Using Herbs and Spices in Blenderized Tube Feeding



Blended Diet Recipes- Enhanced with Spices!


One of the great things about blenderized tube feeding is that you can create blended meals that are seasoned with your favourite herbs and spices. Herbs and spices hold a range of nutritional benefits and medicinal properties, and they enhance the aroma and colour of blended meals.


Ground or powdered spices are best for tube feeding as they won’t risk blocking the feeding tube. Delicate fresh herbs such as dill or basil are also a great option as they blend very easily. Fresh herbs that are very fibrous such as lemongrass or rosemary should probably not be used unless you have a very powerful blender or are planning on straining the blend. If in doubt, use these herbs in dried powdered form.


Dill is a fragrant, colourful herb that blends easily.

Seasoning Tube Feeding Recipes


Please keep in mind that it’s important to use herbs and spices in moderation in recipes intended for tube feeding. Excess spices can be overwhelming and make the blend difficult to digest. Think about what would be a reasonable amount for seasoning the foods that we eat by mouth, and mimic that amount in blended meals for tube feeding.


For example, if you make a blended oatmeal for breakfast, one teaspoon of ground cinnamon would be plenty to add to the recipe if it’s intended to be consumed as a single meal. A tablespoon, or more, of cinnamon would be excessive.


Ideas for Spices in Blended Meals for Tube Feeding


If you’re making a savoury blend, you could, for example, add a sprinkle of finely ground black pepper (it's a natural antioxidant). A teaspoon of pepper would be far too much for a single meal and could cause an upset stomach. Always consider how much spice would season the meal to a normal level for a person who eats by mouth, and not to the point of excess. If possible, taste the meal to make sure it’s not over spiced. If a meal contains an excess of spices, it’s unlikely to be well tolerated and may not be safe for tube feeding.


Always inform your healthcare team before making any changes to your usual tube feeding regime. There could be medical or pharmaceutical reasons why some herbs and spices should be avoided so check with your healthcare team to get their approval before spicing things up.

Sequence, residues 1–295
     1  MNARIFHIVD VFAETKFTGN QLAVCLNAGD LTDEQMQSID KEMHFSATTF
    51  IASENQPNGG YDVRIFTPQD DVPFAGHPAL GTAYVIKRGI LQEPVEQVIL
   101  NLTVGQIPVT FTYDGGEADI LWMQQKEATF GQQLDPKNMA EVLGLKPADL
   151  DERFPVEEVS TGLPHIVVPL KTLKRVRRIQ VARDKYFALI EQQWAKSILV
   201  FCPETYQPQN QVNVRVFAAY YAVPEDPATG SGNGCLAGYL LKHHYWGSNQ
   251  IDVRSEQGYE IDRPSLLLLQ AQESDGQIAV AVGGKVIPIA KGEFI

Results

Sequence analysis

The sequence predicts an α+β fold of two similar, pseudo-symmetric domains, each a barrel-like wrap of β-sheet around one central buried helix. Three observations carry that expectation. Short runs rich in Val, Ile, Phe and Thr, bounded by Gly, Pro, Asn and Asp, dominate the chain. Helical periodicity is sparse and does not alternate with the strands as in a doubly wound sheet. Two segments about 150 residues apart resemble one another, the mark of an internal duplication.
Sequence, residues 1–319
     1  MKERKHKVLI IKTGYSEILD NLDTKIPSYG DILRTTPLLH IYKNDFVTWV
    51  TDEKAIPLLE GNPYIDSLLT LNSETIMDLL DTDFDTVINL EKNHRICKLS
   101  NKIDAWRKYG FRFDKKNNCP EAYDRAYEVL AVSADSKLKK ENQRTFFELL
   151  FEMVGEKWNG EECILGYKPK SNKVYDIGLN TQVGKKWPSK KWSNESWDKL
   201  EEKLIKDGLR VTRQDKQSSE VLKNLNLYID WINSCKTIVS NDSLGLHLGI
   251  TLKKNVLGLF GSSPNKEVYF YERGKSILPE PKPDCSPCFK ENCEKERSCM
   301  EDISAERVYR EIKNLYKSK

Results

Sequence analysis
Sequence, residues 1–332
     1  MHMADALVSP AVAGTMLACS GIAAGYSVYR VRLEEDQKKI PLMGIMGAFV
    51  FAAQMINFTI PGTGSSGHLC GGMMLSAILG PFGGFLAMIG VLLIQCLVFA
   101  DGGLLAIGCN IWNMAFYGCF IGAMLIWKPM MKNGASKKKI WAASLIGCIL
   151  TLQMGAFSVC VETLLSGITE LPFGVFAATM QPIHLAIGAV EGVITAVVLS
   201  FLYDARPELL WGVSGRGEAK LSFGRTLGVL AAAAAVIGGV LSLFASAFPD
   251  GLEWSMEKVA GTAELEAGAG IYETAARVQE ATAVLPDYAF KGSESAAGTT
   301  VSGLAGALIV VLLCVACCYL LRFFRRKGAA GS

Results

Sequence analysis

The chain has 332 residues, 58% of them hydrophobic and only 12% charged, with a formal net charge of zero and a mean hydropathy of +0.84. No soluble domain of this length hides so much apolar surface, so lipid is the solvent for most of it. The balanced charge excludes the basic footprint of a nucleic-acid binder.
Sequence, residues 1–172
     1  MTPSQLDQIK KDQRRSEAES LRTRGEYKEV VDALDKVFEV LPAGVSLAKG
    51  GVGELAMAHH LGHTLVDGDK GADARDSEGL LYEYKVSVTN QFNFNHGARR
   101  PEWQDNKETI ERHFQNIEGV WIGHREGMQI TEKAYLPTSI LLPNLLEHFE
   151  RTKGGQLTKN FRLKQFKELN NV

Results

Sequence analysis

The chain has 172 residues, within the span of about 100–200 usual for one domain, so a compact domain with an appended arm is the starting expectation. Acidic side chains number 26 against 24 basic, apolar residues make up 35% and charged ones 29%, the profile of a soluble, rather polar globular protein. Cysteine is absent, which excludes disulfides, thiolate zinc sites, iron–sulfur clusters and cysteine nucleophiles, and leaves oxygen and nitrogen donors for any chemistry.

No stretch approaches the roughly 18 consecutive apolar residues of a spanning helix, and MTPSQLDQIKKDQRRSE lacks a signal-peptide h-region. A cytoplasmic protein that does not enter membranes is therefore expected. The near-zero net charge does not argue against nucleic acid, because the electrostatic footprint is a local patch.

The Benefits of Common Spices


Below I have outlined the health benefits of some common spices and herbs. Each spice and herb is composed of complex chemical components that function within the body to provide these various health benefits. At the end of this post, I have written basic descriptions of what is meant by the terms anti-inflammatory, antioxidant, and antimicrobial. 


SPICES:


Turmeric:

-Antioxidant, anti-inflammatory, antibacterial and antimicrobial 

-Beware that this spice is highly pigmented and can stain the feeding tube


Cinnamon:

-Antioxidant, anti-inflammatory, antibacterial and antifungal


Cumin: 

-Antimicrobial


Black Pepper:

-Antioxidant, anti-inflammatory, antibacterial

-Can increase nutrient absorption (nutrient bioavailability) in the intestine


Cocoa: 

High in antioxidants, anti-inflammatory

Cocoa consumption has been linked to reduced risk for development of heart disease

Ginger: 

-Anti-inflammatory, antioxidant

-Can aide digestion by reducing nausea and vomiting


Curry Powder: A Blend of 6 Spices in 1

-Turmeric, chilli powder, ground coriander, ground cumin, ground ginger and pepper



HERBS


Oregano

-Antioxidant


Dill

-Antibacterial, antioxidant


Basil

-Antibacterial, anti-inflammatory, antioxidant


Cilantro

-Antibacterial


Mint:

-Antioxidant and anti-inflammatory

-Can help decrease indigestion


What do anti-inflammatory, antioxidant, and antimicrobial mean? 


Anti-inflammatory: Reduces inflammation in the body. Inflammation results from injury or illness, or one’s own inflammatory system attacking body tissue.


Antioxidant: Protects against oxidative cell damage from free-radicals.


Antimicrobial: Reduces growth of microorganisms, which includes bacteria, fungi, and some viruses.


Thank you to Natalie Hamilton, UBC Dietetics Student, for her help in writing this article.